Joe Biden’s most progressive promises are about to be squeezed through a Senate panel where the new president and his Democratic allies have little room to maneuver.
The Judiciary Committee will play a pivotal role over the next two years in determining whether Democrats can make good on an agenda that helped them take full control of Washington. The panel’s to-do list is long, encompassing everything from immigration to voting rights to criminal justice reform to gun violence to expanding LGBTQ rights — and its mission is complicated by a roster of senators on both sides of the aisle with bigger national ambitions.
Senate Democrats are acutely aware that given their narrowest of majorities, they’re short on time to get things done and in need of some GOP support to steer past the still-intact filibuster. That task is especially challenging on the Judiciary panel, whose chair, Dick Durbin (D-Ill.), acknowledged in an interview that the first year of a president’s first term is “when you get the most done.”
Durbin, who is also the No. 2 Senate Democrat, named the topic he’s led years of painstaking talks on as his first priority: “I’m looking for the first opportunity I can find for a timely presentation of an issue near and dear to me — immigration.” He added a note of candor about the partisan energy working against him, saying that “the fact that we probably have the A-team for Trump Republicans sitting across from us… it’s hard.”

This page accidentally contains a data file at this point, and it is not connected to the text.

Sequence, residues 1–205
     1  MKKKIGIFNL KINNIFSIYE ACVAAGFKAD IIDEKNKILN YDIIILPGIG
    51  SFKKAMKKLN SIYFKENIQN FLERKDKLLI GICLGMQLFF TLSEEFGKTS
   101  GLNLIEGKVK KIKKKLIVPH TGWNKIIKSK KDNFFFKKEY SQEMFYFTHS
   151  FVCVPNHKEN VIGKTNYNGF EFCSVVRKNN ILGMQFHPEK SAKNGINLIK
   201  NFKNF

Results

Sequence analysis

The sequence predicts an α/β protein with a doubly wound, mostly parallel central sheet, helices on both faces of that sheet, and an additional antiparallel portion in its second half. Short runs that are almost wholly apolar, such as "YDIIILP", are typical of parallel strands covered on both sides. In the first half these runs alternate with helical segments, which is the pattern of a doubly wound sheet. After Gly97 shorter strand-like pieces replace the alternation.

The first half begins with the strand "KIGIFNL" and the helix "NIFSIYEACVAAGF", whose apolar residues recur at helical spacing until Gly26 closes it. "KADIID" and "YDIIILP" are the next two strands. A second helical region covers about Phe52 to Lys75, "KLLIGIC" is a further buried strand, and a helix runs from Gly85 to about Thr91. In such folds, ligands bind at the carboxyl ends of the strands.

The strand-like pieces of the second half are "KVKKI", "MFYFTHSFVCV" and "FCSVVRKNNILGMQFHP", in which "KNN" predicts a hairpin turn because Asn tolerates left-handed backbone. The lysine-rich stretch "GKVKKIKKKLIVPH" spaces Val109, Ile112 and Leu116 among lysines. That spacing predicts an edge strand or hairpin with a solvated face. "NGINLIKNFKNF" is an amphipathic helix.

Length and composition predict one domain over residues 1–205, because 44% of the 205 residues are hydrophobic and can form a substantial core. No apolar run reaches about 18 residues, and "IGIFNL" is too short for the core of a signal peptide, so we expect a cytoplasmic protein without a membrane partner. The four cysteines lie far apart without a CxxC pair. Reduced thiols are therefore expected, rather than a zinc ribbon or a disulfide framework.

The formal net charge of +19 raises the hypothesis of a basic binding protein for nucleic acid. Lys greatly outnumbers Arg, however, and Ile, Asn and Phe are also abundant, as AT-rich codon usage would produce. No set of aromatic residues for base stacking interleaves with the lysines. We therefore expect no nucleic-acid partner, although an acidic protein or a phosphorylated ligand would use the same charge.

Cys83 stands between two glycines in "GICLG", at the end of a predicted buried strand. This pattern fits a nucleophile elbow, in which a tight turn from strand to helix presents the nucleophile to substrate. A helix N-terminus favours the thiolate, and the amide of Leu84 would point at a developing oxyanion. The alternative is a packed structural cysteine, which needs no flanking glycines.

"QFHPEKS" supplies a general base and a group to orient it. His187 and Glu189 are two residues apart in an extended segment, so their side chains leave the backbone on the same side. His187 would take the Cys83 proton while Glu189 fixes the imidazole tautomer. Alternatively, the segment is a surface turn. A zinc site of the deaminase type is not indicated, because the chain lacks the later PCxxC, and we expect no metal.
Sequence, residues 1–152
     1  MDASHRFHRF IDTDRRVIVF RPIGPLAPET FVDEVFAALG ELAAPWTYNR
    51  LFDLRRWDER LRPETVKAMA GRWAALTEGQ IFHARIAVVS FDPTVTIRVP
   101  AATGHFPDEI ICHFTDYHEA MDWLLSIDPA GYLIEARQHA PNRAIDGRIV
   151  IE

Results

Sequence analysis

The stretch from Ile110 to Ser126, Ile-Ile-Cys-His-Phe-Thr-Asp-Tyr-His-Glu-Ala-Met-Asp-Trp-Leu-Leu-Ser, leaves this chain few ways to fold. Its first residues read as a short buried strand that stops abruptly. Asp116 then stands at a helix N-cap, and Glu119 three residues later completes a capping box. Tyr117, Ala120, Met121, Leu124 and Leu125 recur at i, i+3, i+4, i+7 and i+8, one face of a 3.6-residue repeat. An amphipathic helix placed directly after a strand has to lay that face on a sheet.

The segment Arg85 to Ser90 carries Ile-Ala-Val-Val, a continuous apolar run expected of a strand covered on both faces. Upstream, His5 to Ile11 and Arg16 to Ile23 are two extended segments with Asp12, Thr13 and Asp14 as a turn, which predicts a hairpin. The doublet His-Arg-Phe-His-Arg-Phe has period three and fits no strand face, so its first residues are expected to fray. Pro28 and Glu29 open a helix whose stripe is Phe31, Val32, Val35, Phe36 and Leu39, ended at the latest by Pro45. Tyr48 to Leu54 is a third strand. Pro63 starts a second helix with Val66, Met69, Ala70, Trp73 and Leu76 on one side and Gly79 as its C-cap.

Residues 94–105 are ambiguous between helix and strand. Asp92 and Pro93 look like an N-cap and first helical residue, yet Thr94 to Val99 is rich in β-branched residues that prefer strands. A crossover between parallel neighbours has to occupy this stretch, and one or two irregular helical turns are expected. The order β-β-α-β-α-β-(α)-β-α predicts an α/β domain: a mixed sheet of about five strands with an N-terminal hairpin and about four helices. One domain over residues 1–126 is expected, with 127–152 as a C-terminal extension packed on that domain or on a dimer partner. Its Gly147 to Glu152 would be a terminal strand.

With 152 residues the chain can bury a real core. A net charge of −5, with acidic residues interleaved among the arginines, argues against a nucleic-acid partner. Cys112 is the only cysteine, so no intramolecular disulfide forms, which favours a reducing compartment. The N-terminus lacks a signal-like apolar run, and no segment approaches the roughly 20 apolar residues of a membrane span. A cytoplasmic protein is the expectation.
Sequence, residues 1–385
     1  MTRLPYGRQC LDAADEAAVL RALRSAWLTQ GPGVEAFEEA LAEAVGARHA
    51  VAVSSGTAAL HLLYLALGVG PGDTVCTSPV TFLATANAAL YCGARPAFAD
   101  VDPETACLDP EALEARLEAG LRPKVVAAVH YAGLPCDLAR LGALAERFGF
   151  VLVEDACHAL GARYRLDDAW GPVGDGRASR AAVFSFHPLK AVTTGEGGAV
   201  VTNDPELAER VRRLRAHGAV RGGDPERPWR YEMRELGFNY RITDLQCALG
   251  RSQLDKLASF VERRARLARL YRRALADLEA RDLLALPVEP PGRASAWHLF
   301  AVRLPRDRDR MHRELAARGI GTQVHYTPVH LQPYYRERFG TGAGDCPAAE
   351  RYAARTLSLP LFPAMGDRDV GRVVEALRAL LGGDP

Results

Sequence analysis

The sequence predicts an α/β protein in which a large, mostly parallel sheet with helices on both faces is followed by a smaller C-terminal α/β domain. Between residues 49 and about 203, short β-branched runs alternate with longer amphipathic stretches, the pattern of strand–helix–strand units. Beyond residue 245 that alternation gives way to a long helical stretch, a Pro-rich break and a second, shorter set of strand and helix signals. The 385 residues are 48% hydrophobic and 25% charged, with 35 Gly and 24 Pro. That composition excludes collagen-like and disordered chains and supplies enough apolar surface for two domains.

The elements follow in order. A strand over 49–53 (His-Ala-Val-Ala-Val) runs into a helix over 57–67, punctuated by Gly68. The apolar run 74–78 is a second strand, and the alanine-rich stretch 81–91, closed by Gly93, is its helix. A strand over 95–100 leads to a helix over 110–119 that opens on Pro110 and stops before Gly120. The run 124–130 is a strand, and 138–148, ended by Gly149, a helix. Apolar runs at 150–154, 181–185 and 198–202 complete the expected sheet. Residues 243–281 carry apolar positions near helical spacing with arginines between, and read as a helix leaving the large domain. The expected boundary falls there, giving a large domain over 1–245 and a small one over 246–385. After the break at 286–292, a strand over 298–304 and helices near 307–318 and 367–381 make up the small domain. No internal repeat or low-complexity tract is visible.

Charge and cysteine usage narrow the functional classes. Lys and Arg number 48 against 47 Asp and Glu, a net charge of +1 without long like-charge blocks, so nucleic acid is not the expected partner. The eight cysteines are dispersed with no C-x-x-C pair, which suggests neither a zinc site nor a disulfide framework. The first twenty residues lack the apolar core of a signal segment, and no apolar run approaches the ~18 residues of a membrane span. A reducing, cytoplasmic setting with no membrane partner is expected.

The Judiciary Committee has hosted some of Washington’s most bruising political battles in recent years, peaking with the confirmation fight over Supreme Court Justice Brett Kavanaugh. It’s unlikely to get more harmonious this year, with at least four GOP members considered potential 2024 presidential candidates and several younger Democrats with higher aspirations. That means achieving bipartisanship on Biden’s top priorities could prove challenging at best and impossible at worst.
“The committee has changed, like the Senate has changed,” said Sen. Richard Blumenthal (D-Conn.). “It’s become more partisan… and there should be no surprises that it’s followed the trend line of the Senate.”